J. L. BELL is a Massachusetts writer who specializes in (among other things) the start of the American Revolution in and around Boston. He is particularly interested in the experiences of children in 1765-75. He has published scholarly papers and popular articles for both children and adults. He was consultant for an episode of History Detectives, and contributed to a display at Minute Man National Historic Park.

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Tuesday, December 08, 2020

The Disadvantage of the Benefit of Clergy

As reported here, jurors convicted Pvt. Mathew Kilroy and Edward Montgomery of manslaughter instead of murder for the Boston Massacre. Manslaughter was still nominally a capital crime—but only nominally.

Under British law, people convicted of manslaughter could plead “benefit of clergy” at their sentencing. That plea was an old protection for actual or potential members of the clergy, who could get out of hanging by demonstrating the valuable skill of being able to read from the Bible.

While avoiding execution, those defendants who weren’t actually in holy orders got branded on the base of their thumbs to mark them as convicted felons, ineligible to make the same plea a second time. Sources from the late Middle Ages say the brand was “M” for murderer or manslayer, “T” for thief and other lesser criminals. (Some histories say there was another brand of “F” for felon. It’s hard to sort out.)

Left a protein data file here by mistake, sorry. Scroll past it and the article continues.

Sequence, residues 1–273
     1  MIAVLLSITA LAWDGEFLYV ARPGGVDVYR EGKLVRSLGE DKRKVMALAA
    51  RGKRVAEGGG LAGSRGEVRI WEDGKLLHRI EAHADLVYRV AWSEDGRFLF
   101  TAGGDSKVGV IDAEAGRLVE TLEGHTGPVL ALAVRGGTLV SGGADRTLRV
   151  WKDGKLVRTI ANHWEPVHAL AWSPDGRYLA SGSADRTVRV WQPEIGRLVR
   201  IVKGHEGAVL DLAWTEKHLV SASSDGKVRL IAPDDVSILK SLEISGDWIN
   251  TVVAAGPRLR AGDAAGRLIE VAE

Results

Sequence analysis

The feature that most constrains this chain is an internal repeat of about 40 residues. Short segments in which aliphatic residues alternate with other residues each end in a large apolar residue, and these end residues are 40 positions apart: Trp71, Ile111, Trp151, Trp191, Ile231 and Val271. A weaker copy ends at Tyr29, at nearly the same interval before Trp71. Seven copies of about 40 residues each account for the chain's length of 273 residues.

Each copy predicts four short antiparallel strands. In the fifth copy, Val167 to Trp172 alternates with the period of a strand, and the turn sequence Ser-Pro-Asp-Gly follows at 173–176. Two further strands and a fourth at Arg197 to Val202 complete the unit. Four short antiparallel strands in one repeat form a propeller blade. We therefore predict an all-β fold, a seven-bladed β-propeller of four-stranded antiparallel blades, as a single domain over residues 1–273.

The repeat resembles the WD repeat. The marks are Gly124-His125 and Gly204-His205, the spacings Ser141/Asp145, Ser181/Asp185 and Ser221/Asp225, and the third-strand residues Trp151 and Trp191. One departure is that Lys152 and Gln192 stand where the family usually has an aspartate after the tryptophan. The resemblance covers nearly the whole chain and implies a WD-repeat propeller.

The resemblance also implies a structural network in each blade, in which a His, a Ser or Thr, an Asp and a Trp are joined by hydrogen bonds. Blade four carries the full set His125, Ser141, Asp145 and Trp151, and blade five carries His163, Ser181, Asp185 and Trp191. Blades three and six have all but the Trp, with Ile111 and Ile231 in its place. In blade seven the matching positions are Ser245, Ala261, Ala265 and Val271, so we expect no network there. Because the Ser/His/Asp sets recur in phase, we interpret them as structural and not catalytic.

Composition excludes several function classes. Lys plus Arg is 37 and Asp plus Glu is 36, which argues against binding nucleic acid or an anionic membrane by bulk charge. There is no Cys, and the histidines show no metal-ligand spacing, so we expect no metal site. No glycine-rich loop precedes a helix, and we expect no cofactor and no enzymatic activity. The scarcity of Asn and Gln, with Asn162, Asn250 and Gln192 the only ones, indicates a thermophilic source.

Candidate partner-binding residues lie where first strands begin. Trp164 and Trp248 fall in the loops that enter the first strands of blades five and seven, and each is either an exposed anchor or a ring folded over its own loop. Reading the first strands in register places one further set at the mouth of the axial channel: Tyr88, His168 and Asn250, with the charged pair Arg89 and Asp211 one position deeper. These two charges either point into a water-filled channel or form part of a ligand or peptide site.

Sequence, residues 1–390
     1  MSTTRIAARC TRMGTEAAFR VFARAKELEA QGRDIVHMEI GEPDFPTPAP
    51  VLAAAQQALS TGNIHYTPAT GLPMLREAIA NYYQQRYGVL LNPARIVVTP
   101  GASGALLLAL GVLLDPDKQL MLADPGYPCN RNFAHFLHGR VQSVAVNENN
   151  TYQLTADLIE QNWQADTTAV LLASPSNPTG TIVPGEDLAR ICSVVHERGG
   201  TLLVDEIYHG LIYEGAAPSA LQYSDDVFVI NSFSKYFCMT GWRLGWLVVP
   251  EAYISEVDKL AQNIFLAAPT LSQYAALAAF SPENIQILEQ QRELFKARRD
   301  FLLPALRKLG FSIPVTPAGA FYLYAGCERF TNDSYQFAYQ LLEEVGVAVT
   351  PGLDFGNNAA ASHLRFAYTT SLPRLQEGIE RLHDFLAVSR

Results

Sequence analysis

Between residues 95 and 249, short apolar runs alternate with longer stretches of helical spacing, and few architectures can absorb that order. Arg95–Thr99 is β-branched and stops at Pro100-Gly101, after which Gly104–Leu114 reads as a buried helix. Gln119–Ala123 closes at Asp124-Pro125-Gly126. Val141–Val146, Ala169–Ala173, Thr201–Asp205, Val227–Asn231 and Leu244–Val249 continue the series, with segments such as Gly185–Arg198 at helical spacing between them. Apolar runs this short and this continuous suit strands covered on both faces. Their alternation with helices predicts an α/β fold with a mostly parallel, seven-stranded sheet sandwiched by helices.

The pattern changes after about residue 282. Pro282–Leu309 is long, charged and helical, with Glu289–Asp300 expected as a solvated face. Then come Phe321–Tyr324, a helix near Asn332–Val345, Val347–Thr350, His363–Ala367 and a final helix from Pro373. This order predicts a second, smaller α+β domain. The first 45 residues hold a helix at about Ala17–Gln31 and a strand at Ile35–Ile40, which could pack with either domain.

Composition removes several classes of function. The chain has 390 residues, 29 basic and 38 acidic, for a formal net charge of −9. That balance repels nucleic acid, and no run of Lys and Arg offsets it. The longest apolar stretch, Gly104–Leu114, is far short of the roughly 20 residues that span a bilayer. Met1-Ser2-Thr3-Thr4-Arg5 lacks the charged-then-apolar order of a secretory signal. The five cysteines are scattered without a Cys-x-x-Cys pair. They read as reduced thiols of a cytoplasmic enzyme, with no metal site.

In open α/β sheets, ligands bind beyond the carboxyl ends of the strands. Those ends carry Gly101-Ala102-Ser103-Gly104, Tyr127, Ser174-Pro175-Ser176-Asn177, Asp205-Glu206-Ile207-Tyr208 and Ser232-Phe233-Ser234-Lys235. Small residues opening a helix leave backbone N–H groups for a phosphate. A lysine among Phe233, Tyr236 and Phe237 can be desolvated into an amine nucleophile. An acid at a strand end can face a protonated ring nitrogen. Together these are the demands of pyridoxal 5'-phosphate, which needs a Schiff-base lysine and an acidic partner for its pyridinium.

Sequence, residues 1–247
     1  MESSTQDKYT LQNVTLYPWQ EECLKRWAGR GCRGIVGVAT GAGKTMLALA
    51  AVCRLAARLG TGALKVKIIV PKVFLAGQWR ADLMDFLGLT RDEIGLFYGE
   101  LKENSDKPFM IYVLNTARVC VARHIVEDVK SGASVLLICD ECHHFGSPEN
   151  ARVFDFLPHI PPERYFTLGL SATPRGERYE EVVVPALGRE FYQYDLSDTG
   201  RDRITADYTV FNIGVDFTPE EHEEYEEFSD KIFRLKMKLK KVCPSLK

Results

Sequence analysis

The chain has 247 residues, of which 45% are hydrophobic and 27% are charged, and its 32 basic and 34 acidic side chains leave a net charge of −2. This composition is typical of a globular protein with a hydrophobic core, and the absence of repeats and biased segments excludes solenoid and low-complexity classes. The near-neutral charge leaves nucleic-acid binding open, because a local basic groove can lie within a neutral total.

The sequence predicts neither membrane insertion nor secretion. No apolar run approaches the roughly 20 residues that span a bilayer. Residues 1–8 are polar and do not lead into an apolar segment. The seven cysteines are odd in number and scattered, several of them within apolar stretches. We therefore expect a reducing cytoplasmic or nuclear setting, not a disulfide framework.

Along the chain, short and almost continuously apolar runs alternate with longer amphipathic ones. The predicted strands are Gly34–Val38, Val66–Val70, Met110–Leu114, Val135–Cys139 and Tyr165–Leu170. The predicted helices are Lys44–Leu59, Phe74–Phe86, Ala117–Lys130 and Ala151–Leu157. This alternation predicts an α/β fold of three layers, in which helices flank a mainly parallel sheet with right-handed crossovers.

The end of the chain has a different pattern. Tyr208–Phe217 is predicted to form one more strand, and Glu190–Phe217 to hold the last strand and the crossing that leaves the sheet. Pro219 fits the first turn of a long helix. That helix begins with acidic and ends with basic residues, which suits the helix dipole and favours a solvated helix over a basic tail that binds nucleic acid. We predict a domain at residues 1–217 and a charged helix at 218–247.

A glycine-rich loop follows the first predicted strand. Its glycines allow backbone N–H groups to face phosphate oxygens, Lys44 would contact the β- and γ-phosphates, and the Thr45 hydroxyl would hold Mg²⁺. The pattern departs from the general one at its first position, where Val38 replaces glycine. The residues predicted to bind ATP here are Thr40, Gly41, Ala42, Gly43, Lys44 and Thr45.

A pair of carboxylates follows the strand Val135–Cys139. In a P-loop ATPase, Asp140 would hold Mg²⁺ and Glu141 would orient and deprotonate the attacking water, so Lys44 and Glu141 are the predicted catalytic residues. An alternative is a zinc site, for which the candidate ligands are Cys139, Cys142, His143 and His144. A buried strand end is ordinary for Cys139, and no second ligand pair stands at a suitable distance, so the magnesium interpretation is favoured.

That branding was of course painful. Thus, the benefit of clergy plea was a way to reduce a death sentence to a corporal punishment and public shaming for first-time offenders.

And it wasn’t just for the literate after all. Courts asked defendants to read the same verse—Psalms 51:1, the “neck verse”—so illiterate criminals could memorize that verse and gain the same benefit.

And British society knew all that. When the jury in the Massacre trial found Kilroy and Montgomery guilty of manslaughter, everyone knew they were setting those men up for a remitted death sentence and a branding.

Some people felt that was still too harsh. Acting governor Thomas Hutchinson reported shortly after the trial, “I was applied to to remit the burning.”

People wanted to spare Montgomery in particular. He “had been knocked down with a club, and provoked to fire, as appeared in the course of the evidence,” the governor wrote. Montgomery was also “a fellow of very good character.”

However, Hutchinson found, “[Lt. Col. William] Dalrymple & other Officers wished I would not,” probably to avoid making Bostonians more resentful toward the army. Dalrymple’s 14th Regiment was still stationed on Castle Island (and that had become a political issue in itself). And after all, Montgomery was just a soldier.

In the end, therefore, Hutchinson decided he “did not think it prudent” to commute the soldiers’ branding. The sentencing, and punishment, was set for 14 December.

COMING UP: The smell of burning flesh.

2 comments:

Charles Bahne said...

I seem to recall reading of someone in Massachusetts in this era having been branded with a B for burglar. What's more, I thought the brand was placed on the culprit's forehead. Does this ring any bells with anyone?

J. L. Bell said...

There were definitely British and colonial laws providing for convicts to be branded with a B, which stood in different cases for burglary or blasphemy. Connecticut instituted such a law about burglary in 1735, for example. I also see references to R for rape and T for theft. Sometimes the branding was indeed on the forehead.

In this case, the court record is explicit about the soldiers being “burnt in the hand.” It’s not explicit about the letter. Hence the hedging above.